Alpine flora is so subtle you barely register that it forms part of the landscape. This little orchid is typical growing in an upright habit between 10 and 30 cm. It can have variably one to three leaves and one to four green hooded flowers which are only about 1.5cm long with browny blotches on the hood. Its preferred habitat is wet peaty areas of tussock grassland, herbfields, open scrub and forest margins at 800 to 1200 metres altitude. It is found in Tongariro National Park in the North Island but more widely in the South Island.
In the novel this little bush features a lot. From the distance it looks like sheep on the hillside. Cushion-like white masses grow up to 60cm high by 2m long and 1m across. Its branchlets are so tightly packed it is impossible to part them. The interior of the plants contain a dense peaty mass of branchlets with old leaves. Amazingly, during winter the plant may be covered by several metres of snow, whilst in summer it will be baked during the day and blanketed in frost at night. A very cool plant indeed.
I have been involved in conservation in and around Tongariro National Park as a member of the Tongariro Natural History Society. Members have a wealth of knowledge and experience in the park. Some of the information below comes from Society publications as well as DOC journals and GEONET. The Society also organises excursions to Crater Lake with a member volcanologist.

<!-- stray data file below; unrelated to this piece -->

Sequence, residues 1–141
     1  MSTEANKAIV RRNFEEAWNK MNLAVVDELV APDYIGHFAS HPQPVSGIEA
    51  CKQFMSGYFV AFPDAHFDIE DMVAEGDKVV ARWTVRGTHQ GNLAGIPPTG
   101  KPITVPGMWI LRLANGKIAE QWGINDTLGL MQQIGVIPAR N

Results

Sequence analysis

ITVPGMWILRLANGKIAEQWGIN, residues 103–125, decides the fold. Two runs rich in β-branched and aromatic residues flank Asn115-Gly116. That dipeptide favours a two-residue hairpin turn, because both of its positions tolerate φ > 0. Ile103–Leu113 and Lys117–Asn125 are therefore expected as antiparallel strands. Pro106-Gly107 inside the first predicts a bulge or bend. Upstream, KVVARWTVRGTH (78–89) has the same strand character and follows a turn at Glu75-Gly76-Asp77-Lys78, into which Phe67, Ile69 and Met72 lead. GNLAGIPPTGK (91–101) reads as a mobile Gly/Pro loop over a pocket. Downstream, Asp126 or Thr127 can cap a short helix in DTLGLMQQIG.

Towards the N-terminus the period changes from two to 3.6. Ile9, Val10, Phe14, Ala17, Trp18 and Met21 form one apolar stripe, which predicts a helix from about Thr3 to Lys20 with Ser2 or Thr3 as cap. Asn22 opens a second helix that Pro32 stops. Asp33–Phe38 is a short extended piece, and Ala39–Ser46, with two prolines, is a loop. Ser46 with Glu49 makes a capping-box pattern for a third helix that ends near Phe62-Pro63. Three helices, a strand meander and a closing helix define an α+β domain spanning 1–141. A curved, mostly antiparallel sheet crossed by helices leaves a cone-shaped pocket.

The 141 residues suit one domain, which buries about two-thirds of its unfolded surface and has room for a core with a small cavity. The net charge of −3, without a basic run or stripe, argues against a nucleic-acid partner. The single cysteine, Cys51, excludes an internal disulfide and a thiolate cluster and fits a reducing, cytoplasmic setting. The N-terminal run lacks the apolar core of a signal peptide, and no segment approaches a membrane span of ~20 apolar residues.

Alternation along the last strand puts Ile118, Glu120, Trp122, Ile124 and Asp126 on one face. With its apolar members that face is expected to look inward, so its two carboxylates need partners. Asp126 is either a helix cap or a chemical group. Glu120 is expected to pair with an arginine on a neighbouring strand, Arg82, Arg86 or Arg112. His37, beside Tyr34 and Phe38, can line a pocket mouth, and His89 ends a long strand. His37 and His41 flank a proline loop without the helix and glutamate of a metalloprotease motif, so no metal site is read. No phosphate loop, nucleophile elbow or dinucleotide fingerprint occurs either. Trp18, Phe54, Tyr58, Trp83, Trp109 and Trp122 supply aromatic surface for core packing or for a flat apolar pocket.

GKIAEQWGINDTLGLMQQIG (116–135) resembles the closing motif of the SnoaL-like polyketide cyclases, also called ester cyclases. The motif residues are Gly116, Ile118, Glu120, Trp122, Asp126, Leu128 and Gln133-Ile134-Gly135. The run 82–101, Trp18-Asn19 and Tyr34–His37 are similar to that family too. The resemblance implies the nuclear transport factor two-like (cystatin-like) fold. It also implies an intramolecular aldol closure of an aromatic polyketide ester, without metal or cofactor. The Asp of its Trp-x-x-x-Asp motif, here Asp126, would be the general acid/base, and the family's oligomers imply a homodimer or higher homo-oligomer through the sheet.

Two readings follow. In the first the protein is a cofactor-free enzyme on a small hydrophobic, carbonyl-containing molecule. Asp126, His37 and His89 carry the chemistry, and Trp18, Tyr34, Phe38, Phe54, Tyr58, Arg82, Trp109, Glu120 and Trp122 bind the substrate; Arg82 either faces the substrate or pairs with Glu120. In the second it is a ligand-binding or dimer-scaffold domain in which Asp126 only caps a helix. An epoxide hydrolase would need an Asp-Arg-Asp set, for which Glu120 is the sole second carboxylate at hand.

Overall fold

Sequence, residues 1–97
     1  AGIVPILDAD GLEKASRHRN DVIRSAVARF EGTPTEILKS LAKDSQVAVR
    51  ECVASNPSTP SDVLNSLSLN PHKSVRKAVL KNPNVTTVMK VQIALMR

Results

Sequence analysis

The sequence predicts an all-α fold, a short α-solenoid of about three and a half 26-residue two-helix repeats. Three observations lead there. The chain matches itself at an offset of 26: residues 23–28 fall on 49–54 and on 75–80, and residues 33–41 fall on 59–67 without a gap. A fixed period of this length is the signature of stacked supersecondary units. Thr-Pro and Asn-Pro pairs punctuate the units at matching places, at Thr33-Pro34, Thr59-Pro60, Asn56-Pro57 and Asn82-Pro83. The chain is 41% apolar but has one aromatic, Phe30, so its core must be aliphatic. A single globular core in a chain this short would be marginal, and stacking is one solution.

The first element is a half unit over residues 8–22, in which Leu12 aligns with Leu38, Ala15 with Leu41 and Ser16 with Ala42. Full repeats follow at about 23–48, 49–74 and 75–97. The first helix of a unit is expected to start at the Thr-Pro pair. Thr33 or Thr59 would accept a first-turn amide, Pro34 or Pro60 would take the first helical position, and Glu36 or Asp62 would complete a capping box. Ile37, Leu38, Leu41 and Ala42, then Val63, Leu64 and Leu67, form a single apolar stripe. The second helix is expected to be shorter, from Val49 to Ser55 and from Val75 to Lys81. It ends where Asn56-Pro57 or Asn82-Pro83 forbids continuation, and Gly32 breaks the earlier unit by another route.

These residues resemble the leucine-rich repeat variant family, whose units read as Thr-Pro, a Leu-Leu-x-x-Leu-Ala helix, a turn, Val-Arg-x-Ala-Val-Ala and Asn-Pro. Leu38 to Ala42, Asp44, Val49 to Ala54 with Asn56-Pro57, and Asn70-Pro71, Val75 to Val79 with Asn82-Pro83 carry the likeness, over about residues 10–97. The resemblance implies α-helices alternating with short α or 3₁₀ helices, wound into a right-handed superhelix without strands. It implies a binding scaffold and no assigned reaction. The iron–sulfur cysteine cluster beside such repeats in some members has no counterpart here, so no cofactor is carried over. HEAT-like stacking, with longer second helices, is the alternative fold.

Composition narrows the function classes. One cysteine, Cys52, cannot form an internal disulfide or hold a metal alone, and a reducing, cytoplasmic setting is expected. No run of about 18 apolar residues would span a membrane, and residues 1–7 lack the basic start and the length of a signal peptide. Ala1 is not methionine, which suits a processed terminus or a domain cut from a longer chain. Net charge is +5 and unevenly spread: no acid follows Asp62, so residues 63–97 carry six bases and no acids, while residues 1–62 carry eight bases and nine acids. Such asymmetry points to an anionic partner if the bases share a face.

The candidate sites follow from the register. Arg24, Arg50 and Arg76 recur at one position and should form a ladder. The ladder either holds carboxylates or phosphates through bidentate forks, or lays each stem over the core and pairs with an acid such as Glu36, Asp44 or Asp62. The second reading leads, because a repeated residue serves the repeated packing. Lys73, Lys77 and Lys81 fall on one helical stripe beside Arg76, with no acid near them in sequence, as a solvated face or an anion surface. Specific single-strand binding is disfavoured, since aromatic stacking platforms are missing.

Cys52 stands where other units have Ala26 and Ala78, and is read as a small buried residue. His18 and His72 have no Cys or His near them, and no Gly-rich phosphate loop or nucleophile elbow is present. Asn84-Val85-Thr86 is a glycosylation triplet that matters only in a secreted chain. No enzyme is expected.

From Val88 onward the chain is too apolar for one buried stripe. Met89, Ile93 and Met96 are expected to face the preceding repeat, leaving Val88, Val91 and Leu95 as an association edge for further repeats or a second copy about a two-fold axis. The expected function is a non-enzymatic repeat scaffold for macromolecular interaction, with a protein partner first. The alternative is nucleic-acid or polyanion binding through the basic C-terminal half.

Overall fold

My story takes place a little north east of the glacier and lake but they are pivotal to the action.
Tuwharetoa Glacier is the most active glacier on Mt Ruapehu. It grows through an accumulation of wind-blown and fallen snow onto the surface and is the only glacier to grow rather than recede. The adjoining Crater Lake limits the extension of the glacier by undercutting the end of it and promoting crevasses, ice avalanches, calving and melting. The glacier adds 100,000 to 200,000 cubic metres of snow and ice annually to the lake. The collapse of snow and ice from the glacier into the lake can generate waves which help erode the tephra.
Changes in Crater Lake are monitored annually. What we know about the lake prior to the 18 March 2007 lahar are this: there was a significant increase in the concentrations of sulphate, flouride, chloride and metal ions in the lake water and an increased acidity. This suggests an increased flux of magmatic gases mixing with hydrothermal fluids in the vent system and moving up the lake. Then the lake cooled which suggests that something other than the sulphur layer which sits at the bottom of the lake impeded the heat flow. This may have helped to build pressure. Then there was a rapid influx of geothermal water into the lake causing a wave run up of four to five metres horizontally at the snow covered tephra dam.